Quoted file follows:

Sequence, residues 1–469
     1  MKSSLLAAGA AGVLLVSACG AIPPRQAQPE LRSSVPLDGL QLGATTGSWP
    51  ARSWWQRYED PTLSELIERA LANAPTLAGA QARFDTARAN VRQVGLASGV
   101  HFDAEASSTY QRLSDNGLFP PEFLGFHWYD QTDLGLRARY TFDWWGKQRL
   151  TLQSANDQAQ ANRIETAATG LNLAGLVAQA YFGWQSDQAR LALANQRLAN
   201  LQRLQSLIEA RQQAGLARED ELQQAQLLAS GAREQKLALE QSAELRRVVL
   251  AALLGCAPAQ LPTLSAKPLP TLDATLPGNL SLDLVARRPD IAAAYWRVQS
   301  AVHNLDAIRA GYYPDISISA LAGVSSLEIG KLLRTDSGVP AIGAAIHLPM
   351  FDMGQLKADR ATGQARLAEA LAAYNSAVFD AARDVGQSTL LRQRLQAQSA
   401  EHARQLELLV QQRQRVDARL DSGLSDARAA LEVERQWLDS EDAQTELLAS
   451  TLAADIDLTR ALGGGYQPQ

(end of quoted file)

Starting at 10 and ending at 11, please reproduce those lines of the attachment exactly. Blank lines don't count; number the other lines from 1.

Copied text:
   401  EHARQLELLV QQRQRVDARL DSGLSDARAA LEVERQWLDS EDAQTELLAS
   451  TLAADIDLTR ALGGGYQPQ